The John Lewis Partnership is saving £2,500 a week on power by using server virtualisation at its Bracknell and London datacentres.
The retail group started its virtualisation project in 2006 to reduce the number of servers it required because it was running out of space and power at both datacentres.
By submitting your email address, you agree to receive emails regarding relevant topic offers from TechTarget and its partners. You can withdraw your consent at any time. Contact TechTarget at 275 Grove Street, Newton, MA.
But Dave Barker, technical architect in the IT department for John Lewis, told Computer Weekly the project has significantly cut power consumption.
"Although the main business driver was to win time to plan a customised new datacentre to replace our London facility, the power saving fits in nicely our green IT initiative," he said.
Virtulisation allowed the firm to keep pace with business demands for server capacity without rushing into any decisions about setting up a new datacentre.
"We have reduced the overall server count across the two datacentres from 450 to 400 while at the same time provisioning 392 additional servers," said Barker.
This compression rate of around 16:1 has saved John Lewis over £700,000 that would have been spent on new servers to meet business demand.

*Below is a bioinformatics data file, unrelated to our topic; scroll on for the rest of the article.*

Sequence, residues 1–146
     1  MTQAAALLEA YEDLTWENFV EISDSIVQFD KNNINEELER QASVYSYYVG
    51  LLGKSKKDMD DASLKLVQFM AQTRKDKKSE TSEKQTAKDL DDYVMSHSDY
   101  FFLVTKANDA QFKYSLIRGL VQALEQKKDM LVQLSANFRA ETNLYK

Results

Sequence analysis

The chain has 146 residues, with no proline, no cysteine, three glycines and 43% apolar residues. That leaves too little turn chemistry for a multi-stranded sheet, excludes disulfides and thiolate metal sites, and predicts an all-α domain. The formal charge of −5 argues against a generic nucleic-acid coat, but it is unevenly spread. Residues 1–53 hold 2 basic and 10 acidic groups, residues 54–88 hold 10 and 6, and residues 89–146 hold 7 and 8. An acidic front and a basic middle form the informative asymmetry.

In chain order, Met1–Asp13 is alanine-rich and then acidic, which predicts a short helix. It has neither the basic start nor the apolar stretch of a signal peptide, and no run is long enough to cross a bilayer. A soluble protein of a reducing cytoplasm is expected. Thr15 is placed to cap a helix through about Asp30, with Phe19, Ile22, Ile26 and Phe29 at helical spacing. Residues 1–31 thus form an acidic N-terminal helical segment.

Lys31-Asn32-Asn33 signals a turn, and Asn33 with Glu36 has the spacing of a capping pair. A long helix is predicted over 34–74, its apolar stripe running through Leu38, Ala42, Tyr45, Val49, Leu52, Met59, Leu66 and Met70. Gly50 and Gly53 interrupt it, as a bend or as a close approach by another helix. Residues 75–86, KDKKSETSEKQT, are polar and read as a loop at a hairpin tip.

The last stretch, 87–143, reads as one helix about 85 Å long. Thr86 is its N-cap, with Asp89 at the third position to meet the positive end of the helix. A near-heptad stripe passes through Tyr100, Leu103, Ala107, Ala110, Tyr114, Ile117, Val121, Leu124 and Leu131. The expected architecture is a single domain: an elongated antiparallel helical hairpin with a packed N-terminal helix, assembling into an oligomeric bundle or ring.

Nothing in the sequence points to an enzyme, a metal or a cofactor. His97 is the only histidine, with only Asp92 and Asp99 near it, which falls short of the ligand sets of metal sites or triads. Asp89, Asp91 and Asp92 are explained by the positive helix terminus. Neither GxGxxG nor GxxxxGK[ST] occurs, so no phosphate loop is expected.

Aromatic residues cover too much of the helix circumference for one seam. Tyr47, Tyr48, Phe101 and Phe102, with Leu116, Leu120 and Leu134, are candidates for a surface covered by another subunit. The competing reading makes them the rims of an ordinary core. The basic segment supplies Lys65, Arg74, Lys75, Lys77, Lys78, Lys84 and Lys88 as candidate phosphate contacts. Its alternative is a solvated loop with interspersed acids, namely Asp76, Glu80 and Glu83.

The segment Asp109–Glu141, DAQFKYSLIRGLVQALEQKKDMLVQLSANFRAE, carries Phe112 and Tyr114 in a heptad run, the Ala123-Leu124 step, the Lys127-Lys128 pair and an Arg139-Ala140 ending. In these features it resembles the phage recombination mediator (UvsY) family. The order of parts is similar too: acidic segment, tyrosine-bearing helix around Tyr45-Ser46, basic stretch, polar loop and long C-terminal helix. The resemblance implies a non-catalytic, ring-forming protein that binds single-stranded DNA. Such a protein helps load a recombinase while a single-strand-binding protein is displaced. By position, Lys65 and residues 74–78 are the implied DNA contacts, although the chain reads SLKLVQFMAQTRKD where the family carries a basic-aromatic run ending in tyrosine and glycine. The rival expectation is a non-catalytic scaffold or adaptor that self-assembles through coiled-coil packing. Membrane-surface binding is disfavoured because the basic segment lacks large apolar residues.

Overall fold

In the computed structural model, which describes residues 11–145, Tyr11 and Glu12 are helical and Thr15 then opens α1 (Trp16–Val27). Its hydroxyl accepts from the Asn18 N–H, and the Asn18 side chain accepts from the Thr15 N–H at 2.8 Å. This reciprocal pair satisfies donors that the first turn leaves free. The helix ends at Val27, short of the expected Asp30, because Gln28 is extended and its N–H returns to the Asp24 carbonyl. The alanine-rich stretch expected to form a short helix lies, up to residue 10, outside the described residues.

"This means we had 18 months to decide where to site the new datacentre as well as the resources for several IT projects that otherwise would not have been possible," said Barker.
Another business benefit of virtualisation, said Barker, was that John Lewis was able to isolate all servers involved in processing credit and debit card payments in a protected enviroment.
"This meant that only a limited number of servers had to be compliant with the payment card industry data security standard instead of every server in the organisation, saving time and effort," he said.
John Lewis plans to migrate to a new datacentre within the next 18 months, with a target of 95% virtualisation.
"The default will be for any new server to be virtualised, so the business will have to show a very good reason for any application to be put on a physical machine," said Barker.
The power saving has now become an important element in the firm's green IT initiative led by Gary Hird, technical strategy manager for the John Lewis Partnership.